And the number one tip:

  • TRACTION!! Whether it’s a pair of snowshoes or micro-spikes (our favorite) you’ll be amazed at the benefit of some extra traction. New this year: if you join us on one of our scheduled hikes or walks we have an awesome new fleet of snowshoes to loan out! Let us know ahead of time and we’ll make sure to have a set ready to go for you. If you want your own, Reny’s usually has some great deals on snowshoes and other traction devices, but don’t forget to check out eBay or Facebook marketplace to see if your neighbor has some they no longer use.

Start small (join us for a winter-time walk at Pondicherry Park in Bridgton or check out the Spiller Homestead Loop at Raymond Community Forest with a friend) and then work up to more challenging winter hikes on Loon Echo preserve lands such as Bald Pate and Pleasant Mountain.

See you on the trails!

Peabody-Fitch Woods

Norway Savings Bank Makes Surprise Year-End Gift to LELT

Norway Savings Bank (NSB) has made a special year-end gift of $10,000 to Loon Echo Land Trust (LELT) in support of Tiger Hill Community Forest, the Trust’s current conservation project. The gift from the bank will be matched by a generous anonymous donor, doubling their impact on this important project.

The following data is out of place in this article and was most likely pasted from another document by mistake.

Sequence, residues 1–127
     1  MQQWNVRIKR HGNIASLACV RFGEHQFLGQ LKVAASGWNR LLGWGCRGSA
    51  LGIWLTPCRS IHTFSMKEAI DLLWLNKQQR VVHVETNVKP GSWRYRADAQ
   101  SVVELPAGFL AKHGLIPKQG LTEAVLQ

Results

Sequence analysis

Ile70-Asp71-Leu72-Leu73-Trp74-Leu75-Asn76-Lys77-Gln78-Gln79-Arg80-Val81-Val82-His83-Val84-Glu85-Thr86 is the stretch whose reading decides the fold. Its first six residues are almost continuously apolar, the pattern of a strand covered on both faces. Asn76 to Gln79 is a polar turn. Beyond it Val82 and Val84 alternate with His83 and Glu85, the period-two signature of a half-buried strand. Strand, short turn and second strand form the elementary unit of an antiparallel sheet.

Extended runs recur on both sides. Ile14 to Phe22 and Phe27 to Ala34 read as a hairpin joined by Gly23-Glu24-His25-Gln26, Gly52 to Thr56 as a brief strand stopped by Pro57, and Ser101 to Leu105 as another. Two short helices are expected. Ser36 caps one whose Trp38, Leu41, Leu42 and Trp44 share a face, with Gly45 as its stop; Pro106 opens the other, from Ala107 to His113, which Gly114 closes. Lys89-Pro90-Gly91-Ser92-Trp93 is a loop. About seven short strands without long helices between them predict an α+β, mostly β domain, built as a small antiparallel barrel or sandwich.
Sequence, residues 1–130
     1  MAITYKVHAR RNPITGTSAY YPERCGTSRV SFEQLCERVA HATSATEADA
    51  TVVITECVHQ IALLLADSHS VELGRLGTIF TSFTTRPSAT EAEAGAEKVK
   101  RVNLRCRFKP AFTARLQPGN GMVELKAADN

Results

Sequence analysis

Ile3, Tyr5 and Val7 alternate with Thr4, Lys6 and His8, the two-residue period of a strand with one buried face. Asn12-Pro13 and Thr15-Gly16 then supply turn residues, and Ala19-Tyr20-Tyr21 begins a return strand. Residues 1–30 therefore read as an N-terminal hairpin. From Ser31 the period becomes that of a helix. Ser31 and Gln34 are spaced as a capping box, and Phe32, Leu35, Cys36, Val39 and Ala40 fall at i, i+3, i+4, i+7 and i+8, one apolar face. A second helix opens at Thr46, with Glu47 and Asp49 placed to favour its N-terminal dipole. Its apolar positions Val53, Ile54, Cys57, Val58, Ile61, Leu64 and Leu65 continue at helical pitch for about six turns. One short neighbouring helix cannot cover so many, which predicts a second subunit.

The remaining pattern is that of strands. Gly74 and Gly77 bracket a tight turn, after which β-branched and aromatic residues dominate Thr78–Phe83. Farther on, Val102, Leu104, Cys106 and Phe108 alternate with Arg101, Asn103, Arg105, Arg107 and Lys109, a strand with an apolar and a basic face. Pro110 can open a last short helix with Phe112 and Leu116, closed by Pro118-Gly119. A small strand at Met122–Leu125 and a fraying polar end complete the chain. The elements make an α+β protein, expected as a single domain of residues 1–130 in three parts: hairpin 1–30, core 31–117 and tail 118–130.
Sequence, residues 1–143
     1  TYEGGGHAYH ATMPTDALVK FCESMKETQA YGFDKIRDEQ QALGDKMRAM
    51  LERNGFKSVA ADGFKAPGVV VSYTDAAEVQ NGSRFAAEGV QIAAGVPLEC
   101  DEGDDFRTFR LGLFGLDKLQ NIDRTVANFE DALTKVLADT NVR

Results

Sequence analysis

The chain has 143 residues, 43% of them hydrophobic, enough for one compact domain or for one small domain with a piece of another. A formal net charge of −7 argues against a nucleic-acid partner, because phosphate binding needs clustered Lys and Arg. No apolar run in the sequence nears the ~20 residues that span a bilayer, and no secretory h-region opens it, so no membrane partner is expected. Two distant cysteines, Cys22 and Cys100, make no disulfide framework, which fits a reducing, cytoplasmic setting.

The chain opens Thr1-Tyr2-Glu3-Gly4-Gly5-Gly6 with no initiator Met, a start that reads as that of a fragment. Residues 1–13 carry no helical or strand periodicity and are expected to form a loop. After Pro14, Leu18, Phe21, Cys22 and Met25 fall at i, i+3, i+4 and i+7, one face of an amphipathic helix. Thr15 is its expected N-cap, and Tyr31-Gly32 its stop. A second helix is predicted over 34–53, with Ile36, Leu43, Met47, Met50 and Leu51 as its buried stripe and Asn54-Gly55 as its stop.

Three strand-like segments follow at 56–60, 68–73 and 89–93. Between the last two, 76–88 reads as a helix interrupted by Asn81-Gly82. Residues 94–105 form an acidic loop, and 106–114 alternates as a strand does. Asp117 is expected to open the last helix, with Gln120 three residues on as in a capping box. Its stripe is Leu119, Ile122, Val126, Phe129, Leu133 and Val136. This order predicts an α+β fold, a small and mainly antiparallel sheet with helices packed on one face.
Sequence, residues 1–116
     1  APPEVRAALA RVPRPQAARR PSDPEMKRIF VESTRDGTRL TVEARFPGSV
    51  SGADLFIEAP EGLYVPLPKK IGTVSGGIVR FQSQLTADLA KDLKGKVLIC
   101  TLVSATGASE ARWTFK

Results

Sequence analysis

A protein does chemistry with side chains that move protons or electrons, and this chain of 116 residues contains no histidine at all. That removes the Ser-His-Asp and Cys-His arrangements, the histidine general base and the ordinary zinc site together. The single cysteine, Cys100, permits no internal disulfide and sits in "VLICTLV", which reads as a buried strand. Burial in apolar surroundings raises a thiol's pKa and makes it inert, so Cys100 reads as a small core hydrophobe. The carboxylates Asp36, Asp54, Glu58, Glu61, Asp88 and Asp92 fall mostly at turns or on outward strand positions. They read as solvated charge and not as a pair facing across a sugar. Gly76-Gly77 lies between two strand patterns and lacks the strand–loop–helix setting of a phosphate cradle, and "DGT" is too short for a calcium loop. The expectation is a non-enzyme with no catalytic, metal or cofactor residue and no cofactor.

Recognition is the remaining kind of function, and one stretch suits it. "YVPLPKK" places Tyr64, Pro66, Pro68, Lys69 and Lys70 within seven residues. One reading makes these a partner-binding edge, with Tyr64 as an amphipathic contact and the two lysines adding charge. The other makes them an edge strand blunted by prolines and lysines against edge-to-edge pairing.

Pat Weigel, President of Norway Savings Bank with Matt Markot (LELT Executive Director) and Maggie Lynn (LELT Development and Outreach Manager).

The land, to be owned and managed by LELT on behalf of the community, protects sensitive wildlife habitat and historic working forestlands, and will be open to the public for recreation. 

The unexpected gift was part of NSB’s “Sharing Success” year-end giving.

Watch NSB deliver good news to local non-profits and organizations, including LELT!

“2019 was another very good year for the Bank, which is a testament to our employees, customers and communities,” said Patricia Weigel, President and CEO of NSB. “Reinvesting in our communities is at the heart of what we do.”

The gift from NSB will directly benefit the communities they serve. Once conserved, Tiger Hill Community Forest will secure close-to-home recreation opportunities for Sebago residents and visitors, support local jobs in tourism and forest-products, and also protect the water quality of Sebago Lake, the drinking water source for the greater Portland area.

Fundraising for the project has been done in collaboration with The Trust for Public Land. Tiger Hill Community Forest has received generous support from Portland Water District, Casco Bay Estuary Partnership, the Nature Conservancy in Maine, Highstead Foundation, Sebago Clean Waters, an anonymous foundation, Norway Savings Bank, and many individual donors.  

Donations to support Tiger Hill Community Forest can be made here, or sent to Loon Echo Land Trust, 8 Depot Street Suite #4, Bridgton, ME 04009.